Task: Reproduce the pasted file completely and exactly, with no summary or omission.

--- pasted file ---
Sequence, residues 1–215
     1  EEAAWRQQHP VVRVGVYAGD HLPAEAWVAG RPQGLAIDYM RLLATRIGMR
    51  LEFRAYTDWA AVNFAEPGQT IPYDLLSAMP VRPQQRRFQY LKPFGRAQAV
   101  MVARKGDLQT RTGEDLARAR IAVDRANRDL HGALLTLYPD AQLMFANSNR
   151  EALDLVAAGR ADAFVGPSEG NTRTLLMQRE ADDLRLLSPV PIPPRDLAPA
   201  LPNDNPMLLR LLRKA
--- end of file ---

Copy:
Sequence, residues 1–215
     1  EEAAWRQQHP VVRVGVYAGD HLPAEAWVAG RPQGLAIDYM RLLATRIGMR
    51  LEFRAYTDWA AVNFAEPGQT IPYDLLSAMP VRPQQRRFQY LKPFGRAQAV
   101  MVARKGDLQT RTGEDLARAR IAVDRANRDL HGALLTLYPD AQLMFANSNR
   151  EALDLVAAGR ADAFVGPSEG NTRTLLMQRE ADDLRLLSPV PIPPRDLAPA
   201  LPNDNPMLLR LLRKA